China then and now: a whole new cup of tea
Cancer rates are now 80% higher than they were before economic reforms 30 years ago and cancer is the nation’s biggest killer. Indeed, the domestic media is increasingly filled with reports of up to 400 “cancer villages” – clusters of the disease near dirty factories. And there is no end in site: another 350 million citizens are expected to move to urban areas in the next 20 years. The impacts of this growth in China and globally are only just beginning.
As we strolled the streets of China, what’s not as obvious are the social changes taking place. While the political elite remains almost exclusively male, women are flexing their collective muscle in universities and workplaces. Traditional Chinese values of family, harmony and saving face remain strong, yet sexual attitudes are evolving quickly to the point that sexual freedom and experimentation are blossoming.
We saw sex shops in Shanghai and Beijing with a jaw-dropping array of toys and tonics, and learned that Chinese citizens now hook up online with other swingers through the uniquely Chinese QQ.com social network and text messaging, while gay men patronize bathhouses and bars. This is a new kind of revolution for China considering that the government classified homosexuality as a mental disorder until 2001.
All of this newfound sexual freedom is unfortunately fueling an HIV/AIDS epidemic, particularly within the “men who have sex with men” community. In Chinese society, being gay is still largely taboo, with few ”out” gay men and many more married ones who are often gay but get married to placate their families, friends and co-workers.
In some cities, infection rates are approaching double digits within this group. No one really knows how large the problem is since these men live in the shadows and are reluctant to get tested for fear of retribution. The government’s statistics are typically suspect anyway.
Also of concern is the fact that the income gap is widening significantly. Ominously, an Asian Development Bank (ADB) report indicates that this gap is threatening stability, most notably in China and India. According to the Sunday Times of London, bankruptcies, unemployment and social unrest are spreading more widely in China than officially reported, “painting an ominous picture for the world economy.” Furthermore, strikes and protests are also spreading, as are government efforts to suppress them.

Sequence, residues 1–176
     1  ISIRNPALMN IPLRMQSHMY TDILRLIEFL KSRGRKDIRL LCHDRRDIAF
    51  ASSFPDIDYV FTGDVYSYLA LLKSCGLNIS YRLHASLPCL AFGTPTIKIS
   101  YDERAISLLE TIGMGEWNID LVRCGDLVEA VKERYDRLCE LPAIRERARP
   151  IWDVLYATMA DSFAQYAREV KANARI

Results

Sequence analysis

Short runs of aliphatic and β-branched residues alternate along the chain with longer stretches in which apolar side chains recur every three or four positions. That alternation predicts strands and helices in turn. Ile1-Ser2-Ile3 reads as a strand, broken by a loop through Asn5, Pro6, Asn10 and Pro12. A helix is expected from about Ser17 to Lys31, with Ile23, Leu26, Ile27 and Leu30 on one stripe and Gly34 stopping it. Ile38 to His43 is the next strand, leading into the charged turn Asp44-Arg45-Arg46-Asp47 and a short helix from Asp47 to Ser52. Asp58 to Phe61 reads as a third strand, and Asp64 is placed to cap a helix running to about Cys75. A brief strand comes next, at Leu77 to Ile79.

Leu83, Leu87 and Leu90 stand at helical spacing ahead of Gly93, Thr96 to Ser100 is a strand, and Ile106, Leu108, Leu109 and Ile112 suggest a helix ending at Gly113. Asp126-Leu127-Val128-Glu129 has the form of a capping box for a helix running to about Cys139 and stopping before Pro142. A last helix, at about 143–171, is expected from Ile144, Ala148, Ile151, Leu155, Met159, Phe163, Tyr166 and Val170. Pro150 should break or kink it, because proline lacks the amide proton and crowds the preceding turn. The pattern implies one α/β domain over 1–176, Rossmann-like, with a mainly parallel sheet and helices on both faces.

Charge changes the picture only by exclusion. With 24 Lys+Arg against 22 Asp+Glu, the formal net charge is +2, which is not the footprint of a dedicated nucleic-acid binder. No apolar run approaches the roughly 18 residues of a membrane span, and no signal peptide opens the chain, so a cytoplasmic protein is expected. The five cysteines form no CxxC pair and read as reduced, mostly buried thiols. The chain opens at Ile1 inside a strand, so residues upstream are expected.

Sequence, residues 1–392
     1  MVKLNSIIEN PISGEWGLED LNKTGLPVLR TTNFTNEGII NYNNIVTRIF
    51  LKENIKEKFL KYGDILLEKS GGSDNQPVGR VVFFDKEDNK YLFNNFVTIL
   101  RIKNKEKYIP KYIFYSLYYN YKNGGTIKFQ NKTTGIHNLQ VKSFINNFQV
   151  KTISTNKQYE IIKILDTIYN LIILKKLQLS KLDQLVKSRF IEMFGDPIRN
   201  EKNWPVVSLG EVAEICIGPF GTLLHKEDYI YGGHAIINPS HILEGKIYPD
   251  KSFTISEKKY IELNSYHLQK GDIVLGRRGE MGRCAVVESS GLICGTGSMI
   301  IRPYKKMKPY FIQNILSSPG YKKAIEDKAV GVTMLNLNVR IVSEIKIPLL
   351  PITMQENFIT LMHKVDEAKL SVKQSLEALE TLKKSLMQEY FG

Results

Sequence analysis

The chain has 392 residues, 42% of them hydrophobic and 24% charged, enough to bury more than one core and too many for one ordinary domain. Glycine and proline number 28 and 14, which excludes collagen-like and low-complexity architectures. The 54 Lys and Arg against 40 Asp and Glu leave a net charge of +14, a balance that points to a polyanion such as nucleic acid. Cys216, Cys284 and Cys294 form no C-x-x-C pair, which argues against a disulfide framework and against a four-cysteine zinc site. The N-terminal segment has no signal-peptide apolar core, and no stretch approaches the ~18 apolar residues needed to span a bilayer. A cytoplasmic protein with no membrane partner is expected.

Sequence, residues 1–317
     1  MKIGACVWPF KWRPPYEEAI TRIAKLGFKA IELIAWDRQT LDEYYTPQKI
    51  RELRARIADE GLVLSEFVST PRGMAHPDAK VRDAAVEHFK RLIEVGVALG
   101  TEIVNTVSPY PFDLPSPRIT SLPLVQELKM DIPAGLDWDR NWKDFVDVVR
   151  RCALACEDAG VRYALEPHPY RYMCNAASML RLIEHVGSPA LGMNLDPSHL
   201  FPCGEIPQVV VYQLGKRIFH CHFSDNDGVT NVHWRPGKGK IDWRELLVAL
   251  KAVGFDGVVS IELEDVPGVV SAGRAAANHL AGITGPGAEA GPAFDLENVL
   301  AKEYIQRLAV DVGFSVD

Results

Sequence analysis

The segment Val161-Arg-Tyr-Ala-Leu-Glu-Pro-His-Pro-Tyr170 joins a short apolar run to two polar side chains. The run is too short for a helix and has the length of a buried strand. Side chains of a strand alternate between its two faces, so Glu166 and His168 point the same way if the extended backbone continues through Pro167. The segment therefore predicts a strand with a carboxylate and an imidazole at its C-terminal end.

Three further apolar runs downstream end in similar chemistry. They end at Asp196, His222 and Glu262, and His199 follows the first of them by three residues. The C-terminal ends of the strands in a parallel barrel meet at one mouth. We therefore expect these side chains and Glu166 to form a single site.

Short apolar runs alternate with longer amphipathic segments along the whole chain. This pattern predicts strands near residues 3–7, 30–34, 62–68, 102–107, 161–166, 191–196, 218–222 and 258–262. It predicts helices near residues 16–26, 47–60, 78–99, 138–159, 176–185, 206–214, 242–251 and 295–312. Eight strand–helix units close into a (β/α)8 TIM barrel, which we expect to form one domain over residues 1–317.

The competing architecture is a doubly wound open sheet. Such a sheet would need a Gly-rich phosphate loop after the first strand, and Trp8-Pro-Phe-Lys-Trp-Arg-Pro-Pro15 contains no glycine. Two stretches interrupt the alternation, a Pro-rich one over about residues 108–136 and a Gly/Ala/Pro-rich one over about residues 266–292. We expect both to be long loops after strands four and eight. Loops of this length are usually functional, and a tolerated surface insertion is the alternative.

Many challenges remain for China. So what’s the prognosis for the future?
As China grows, it still faces many hurdles – from access to raw materials and rising labour rates to environmental degradation and an aging population. Young people, with a taste of Western glitter and consumption, won’t “do” with the road their parents and grandparents have traveled.
Chongqing of old (credit: Three Gorges Museum, Chongqing)
The former "stick people" of Chongqing who carried goods up to the city from the riverside don't have as far to haul goods today. The river is 15 metres higher 200 km upstream from the Three Gorges dam. Funiculars have also taken over from manual labourers in recent years.
The people we talked to said that one of its biggest challenges is China’s regimented two-class system of urban versus rural life. Citizens in urban areas have seen their quality of life rise to western standards while some rural communities labour under 19th century conditions. Mobility for rural residents is restricted, institutionalizing their lot in life. When they do make it to the city, they are classified as migrants and denied many of the services documented urban residents receive. It has created an uneasy tension ripe for upheaval.
Similarly, there are concerns about the lack of an independent judiciary. Money and connection trumps justice, most of the time. Transparency and good governance are also in short supply. For example, the chief judge of Beijing reports to the city’s mayor, creating an unhealthy dynamic. It remains to be seen how long the country can continue to operate as a one-party state.
While there have been attempts at bringing some democracy to the village and township level, cronyism and privilege still are defining characteristics of the system. Many of the people we’ve talked to on this trip are relatively happy with the country’s economic progress, proud of its achievements and not overly concerned with political reform. To many, the idea of change from the system they know is almost unimaginable, perhaps the result of hard discipline and swift punishment of stepping out of line.
That jives with other media analysis suggesting that China’s approach to “capitalism with Chinese characteristics” is not necessarily seeking to emulate our western model. It could also be that the dizzying rate of change is turning the country inward, making it more nationalistic.
Having seen China “then and now”, one thing is certain as far as I am concerned. China has clearly found its footing and is rising to the pre-eminent position it held many centuries ago. As an ancient culture, its path forward will be on its own terms and according to its own values. That’s something we’ll definitely have to get comfortable with in the West.
What a difference 20 years makes, indeed.